Thursday, October 30, 2008

Using F# Active Patterns to encapsulate complex conditions

In this post I'm going to show a little of example of using F# Active Patterns to encapsulate complex conditions.

While working on AbcExplorationLib I needed way to generate "friendly" labels for branch instruction destinations. According to the ActionScript Virtual Machine 2 Overview document, the branch instructions (jump,ifgt,ifeq,etc.) have a S24(signed 24 bit value) offset that specifies the destination. What I wanted to do was to modify the original instruction list to add a special(non existent ) instruction called ArtificalCodeBranchLabel which has a name which is referenced in the in the branch instruction.

Every branch instruction in the library representation has an object of type:

type JumpLabelReference =
| UnSolvedReference of int
| SolvedReference of string

Every instruction in the library is described in a big discriminated union like this:

type AbcFileInstruction =
| ArtificalCodeBranchLabel of string
| Add
| AsType of int
| BitAnd
| BitNot
| BitOr
| BitXor
| IfEq of JumpLabelReference
| IfFalse of JumpLabelReference
| IfGe of JumpLabelReference
| IfGt of JumpLabelReference
| IfLe of JumpLabelReference

Notice that essentially, every branch instruction(except for lookupswitch) have a single JumpLabelReference instance as its argument, and in order to write the process of solving the branch destination we can have to write code for each instruction.

So in order to assist the process of solving the reference the following active pattern was created:

let (|UnsolvedSingleBranchInstruction|_|)(pair:int64*AbcFileInstruction) =
let (instructionOffset,instruction) = pair in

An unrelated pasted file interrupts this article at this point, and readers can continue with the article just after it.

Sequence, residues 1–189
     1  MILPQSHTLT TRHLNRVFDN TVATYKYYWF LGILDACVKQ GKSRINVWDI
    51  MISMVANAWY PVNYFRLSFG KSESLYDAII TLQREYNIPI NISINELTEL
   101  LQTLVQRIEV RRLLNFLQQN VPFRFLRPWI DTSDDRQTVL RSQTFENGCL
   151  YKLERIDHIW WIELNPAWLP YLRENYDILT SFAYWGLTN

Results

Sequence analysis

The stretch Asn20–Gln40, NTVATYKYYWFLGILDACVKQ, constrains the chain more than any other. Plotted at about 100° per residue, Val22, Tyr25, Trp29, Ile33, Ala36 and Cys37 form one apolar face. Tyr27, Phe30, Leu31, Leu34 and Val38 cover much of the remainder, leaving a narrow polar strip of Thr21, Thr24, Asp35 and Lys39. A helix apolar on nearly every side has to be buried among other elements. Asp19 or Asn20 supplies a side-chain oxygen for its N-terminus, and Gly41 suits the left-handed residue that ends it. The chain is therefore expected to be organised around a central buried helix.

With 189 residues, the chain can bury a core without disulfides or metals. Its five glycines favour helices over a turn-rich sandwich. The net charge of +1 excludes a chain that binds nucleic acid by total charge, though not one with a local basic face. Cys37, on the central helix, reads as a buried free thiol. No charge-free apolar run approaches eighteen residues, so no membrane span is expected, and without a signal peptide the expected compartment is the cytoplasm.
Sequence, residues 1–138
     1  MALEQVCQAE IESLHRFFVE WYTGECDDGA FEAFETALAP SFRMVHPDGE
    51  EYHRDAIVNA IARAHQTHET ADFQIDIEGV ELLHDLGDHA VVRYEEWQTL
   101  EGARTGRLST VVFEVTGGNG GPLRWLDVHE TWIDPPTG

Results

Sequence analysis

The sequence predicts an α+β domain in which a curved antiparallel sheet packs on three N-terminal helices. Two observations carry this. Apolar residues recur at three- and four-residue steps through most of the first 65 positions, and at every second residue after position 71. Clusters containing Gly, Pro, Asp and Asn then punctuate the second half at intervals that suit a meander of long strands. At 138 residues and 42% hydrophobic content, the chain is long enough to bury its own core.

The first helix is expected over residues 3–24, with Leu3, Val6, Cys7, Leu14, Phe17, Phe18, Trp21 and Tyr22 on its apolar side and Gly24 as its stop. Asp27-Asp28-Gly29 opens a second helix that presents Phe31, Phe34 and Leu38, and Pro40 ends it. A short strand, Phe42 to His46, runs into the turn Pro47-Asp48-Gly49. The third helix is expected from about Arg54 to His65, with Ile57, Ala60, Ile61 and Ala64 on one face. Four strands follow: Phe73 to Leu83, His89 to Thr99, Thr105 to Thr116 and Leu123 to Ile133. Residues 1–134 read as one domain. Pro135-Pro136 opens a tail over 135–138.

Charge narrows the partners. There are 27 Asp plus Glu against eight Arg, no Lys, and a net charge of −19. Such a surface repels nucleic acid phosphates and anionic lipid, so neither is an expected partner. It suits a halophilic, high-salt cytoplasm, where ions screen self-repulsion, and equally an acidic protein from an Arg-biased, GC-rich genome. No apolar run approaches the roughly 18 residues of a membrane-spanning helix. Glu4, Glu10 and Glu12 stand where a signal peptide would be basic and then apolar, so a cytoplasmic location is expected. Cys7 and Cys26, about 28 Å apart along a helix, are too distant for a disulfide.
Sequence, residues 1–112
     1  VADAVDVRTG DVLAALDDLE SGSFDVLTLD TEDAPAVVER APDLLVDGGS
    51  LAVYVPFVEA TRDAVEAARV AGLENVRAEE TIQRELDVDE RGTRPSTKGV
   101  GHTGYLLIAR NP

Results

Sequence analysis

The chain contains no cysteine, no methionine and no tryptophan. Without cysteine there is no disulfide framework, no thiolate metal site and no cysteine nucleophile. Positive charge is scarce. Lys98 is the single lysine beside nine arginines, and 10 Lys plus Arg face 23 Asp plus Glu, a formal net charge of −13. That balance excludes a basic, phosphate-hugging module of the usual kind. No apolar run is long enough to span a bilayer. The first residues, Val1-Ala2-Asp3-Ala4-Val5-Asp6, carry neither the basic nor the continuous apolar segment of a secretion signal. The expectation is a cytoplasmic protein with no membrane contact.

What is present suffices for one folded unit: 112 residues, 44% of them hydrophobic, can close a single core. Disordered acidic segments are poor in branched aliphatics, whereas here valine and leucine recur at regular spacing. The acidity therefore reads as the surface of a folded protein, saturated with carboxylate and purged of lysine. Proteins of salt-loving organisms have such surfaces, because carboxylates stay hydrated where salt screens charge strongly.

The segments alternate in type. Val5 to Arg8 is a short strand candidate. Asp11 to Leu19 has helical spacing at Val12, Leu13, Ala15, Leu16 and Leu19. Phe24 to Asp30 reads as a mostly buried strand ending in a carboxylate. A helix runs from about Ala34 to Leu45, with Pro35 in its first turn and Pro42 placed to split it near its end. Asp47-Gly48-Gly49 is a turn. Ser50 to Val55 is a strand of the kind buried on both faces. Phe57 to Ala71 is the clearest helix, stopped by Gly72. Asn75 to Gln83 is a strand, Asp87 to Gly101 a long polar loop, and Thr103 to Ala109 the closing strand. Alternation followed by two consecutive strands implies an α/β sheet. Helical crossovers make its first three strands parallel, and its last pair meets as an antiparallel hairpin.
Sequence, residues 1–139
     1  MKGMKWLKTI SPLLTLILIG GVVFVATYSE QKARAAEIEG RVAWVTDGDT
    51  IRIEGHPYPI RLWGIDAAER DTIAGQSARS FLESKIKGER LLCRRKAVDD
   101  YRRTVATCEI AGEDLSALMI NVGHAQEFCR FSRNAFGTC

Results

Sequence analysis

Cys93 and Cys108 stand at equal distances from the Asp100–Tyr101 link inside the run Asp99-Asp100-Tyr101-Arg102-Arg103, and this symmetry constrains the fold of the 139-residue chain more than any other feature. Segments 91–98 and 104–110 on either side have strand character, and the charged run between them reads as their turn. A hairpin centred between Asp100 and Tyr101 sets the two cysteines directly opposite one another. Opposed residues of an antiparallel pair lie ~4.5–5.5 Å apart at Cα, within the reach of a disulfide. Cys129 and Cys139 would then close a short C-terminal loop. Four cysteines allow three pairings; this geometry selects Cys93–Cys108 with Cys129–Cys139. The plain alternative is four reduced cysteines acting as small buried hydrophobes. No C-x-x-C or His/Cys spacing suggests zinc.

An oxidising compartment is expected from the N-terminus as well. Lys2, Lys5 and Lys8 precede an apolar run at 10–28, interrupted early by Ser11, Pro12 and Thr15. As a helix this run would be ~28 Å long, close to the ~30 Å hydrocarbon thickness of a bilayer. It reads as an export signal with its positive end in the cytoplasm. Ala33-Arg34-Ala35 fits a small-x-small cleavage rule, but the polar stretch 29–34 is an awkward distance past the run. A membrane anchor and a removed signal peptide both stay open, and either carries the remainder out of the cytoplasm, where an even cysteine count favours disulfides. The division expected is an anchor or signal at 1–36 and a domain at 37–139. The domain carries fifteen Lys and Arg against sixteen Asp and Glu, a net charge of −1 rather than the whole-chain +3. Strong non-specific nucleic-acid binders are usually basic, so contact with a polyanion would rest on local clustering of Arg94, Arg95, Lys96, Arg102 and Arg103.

let absoluteOffset(relativeOffset:int) = int64(3 + 1 + relativeOffset) + instructionOffset in
let result(offset,createFunction) = Some(absoluteOffset <| offset,createFunction)
match instruction with
| IfEq(UnSolvedReference offset) -> result(offset,fun o -> IfEq(o))
| IfFalse(UnSolvedReference offset) -> result(offset,fun o -> IfFalse(o))
| IfGe(UnSolvedReference offset) -> result(offset,fun o -> IfGe(o))
| IfGt(UnSolvedReference offset) -> result(offset,fun o -> IfGt(o))
| IfLe(UnSolvedReference offset) -> result(offset,fun o -> IfLe(o))
| IfLt(UnSolvedReference offset) -> result(offset,fun o -> IfLt(o))
| IfNGe(UnSolvedReference offset) -> result(offset,fun o -> IfNGe(o))
| IfNGt(UnSolvedReference offset) -> result(offset,fun o -> IfNGt(o))
| IfNLe(UnSolvedReference offset) -> result(offset,fun o -> IfNLe(o))
| IfNLt(UnSolvedReference offset) -> result(offset,fun o -> IfNLt(o))
| IfNE(UnSolvedReference offset) -> result(offset,fun o -> IfNE(o))
| IfStrictEq(UnSolvedReference offset) -> result(offset,fun o -> IfStrictEq(o))
| IfStrictNEq(UnSolvedReference offset) -> result(offset,fun o -> IfStrictNEq(o))
| IfTrue(UnSolvedReference offset) -> result(offset,fun o -> IfTrue(o))
| Jump(UnSolvedReference offset) -> result(offset,fun o -> Jump(o))
| _ -> None

This active pattern is used for a couple of things. First, it matches every branch instruction and provides a function to rebuild the instruction with a new destination. Also it calculates the absolute offset of the branch instruction.

Now we can use it in the process of solving the references:

member this.UpdateCodeWithDestinations(destinations:Map<int64,string>,
resultingInstructions) =
let processedInstructions =
match instructions with
| (((offset,_) & UnsolvedSingleBranchInstruction( jumpOffset,f))::rest)
when (destinations.ContainsKey(jumpOffset)) ->
| _ -> instructions
match processedInstructions with
| ((offset,instruction)::rest) when (destinations.ContainsKey(int64(offset))) ->
| ((_,instruction)::rest) ->
| [] -> List.rev(resultingInstructions)

Although this problem could be expressed using other strategies (for example a separate class for each instruction and branch instructions inheriting from the same base class) the use of Active Patterns was very useful to write a simpler implementation of the UpdateCodeWithDestinations method.